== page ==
A faded photograph showing a bakery building labelled as "G. Weston's Bread Factory". In front of the building are six horse-drawn carriages, each labelled "G. Weston Baker". Men stand beside the horses. A group of individuals stand by the door of the building in baker's clothing.

Good Eats: Weston’s Model Bakery

George Weston

A faded photograph showing a bakery building labelled as "G. Weston's Bread Factory". In front of the building are six horse-drawn carriages, each labelled "G. Weston Baker". Men stand beside the horses. A group of individuals stand by the door of the building in baker's clothing.
George Weston’s Bread Factory, Sullivan Street, 1890. Courtesy of the Toronto Reference Library.

George Weston’s Bread Factory, Sullivan Street, 1890. Courtesy of the Toronto Reference Library.

Newspaper pen illustration of a two-storey building with a large tower in the front corner. A sign on the building reads “Baker, G. Weston.” Several pedestrians are walking in front of the building as well as horse carts, each with the label “G. Weston Baker” printed along the side of the cart.
Weston Model Bakery, Soho and Phoebe Streets, ca. 1899, Courtesy of the Mercantile & Financial Times.

Weston Model Bakery, Soho and Phoebe Streets, ca. 1899, Courtesy of the Mercantile & Financial Times.

A black and white photograph with a four-storey brick building in the background, featuring large windows that are open and people are peering out. On the road in front of the building are several horse-drawn wagons, each with a white sign attached to the side that reads "Ordered for our soldier boys fighting in France. G. Weston. Toronto." Several people are standing by the horses looking at the camera.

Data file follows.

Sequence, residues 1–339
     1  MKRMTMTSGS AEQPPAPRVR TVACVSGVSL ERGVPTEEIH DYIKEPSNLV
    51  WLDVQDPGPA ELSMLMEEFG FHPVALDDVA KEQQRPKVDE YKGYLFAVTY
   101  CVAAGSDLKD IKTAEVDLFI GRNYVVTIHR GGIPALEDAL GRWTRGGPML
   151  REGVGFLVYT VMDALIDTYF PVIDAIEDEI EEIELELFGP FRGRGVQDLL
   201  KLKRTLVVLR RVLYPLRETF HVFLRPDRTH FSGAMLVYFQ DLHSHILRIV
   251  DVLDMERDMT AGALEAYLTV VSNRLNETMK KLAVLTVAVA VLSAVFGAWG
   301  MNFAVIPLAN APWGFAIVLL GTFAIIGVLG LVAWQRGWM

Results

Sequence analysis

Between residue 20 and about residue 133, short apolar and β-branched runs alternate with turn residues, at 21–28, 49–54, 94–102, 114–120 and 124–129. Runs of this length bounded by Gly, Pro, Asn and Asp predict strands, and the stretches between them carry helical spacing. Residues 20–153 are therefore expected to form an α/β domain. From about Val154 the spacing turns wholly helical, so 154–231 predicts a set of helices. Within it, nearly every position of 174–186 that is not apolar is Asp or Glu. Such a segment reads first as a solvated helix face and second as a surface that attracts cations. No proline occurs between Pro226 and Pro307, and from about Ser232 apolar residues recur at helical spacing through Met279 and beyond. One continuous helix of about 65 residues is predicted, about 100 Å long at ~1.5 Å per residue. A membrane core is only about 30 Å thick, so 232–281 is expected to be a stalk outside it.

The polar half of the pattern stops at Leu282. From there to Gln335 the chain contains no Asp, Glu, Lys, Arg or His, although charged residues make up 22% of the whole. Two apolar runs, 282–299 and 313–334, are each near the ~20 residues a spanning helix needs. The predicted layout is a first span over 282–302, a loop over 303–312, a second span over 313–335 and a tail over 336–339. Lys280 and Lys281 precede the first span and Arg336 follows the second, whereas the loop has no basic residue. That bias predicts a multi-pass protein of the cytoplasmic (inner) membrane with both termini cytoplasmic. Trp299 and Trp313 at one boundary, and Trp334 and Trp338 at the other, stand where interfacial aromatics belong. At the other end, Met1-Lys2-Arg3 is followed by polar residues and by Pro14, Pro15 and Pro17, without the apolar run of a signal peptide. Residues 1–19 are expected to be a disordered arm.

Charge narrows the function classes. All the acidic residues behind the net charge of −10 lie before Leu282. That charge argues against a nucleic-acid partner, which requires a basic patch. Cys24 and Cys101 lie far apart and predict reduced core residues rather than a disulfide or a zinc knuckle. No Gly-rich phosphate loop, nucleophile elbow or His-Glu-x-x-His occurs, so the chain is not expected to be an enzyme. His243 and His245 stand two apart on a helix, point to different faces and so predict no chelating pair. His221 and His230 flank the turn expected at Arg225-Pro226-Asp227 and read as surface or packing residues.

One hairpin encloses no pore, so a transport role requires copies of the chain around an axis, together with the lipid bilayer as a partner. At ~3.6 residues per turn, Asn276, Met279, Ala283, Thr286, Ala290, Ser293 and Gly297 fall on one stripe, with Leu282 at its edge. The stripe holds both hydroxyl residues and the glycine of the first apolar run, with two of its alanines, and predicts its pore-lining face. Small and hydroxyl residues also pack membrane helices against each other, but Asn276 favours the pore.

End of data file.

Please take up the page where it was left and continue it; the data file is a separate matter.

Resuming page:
Weston Biscuit Factory employees prepare a shipment of biscuits for overseas Canadian troops during World War I. Richmond and Peter Streets. 1915. Courtesy of the City of Toronto Archives.

Weston Biscuit Factory employees prepare a shipment of biscuits for overseas Canadian troops during World War I. Richmond and Peter Streets. 1915. Courtesy of the City of Toronto Archives.

A black and white photo portrait of a family. A man sits on the left of the photo in an elegant high-backed wooden chair. To his left are four children, seated and standing in formal, mostly white-coloured clothing. To their left, a woman is seated, leaning to her right. She is dressed in a long black gown with white ruffle on her shoulders.
George Weston with his family. 1905. Courtesy of the Toronto Reference Library.

George Weston with his family. 1905. Courtesy of the Toronto Reference Library.

A bread revolutionary

When George Weston took his first job as a delivery boy for Bowen’s Bakery in Toronto in 1876, he had no idea he would go on to reshape Canada’s bread industry. Born in Oswego, New York, in 1864, Weston moved with his parents to Toronto at a young age. To help his family’s finances, George took on the role of bread delivery boy, a common occupation for young boys at the time. Even by the late nineteenth century, Toronto’s baking industry was fairly small scale. Most bakeries or confectioners supplied baked goods only to their local neighbourhoods and markets: few had the resources to sell bread across the city. This meant a comparative large number of bakeries to serve a modest population. In 1867, when Toronto’s population was approximately 180,000, city directories listed 29 bakers and and 24 confectioners operating in Toronto.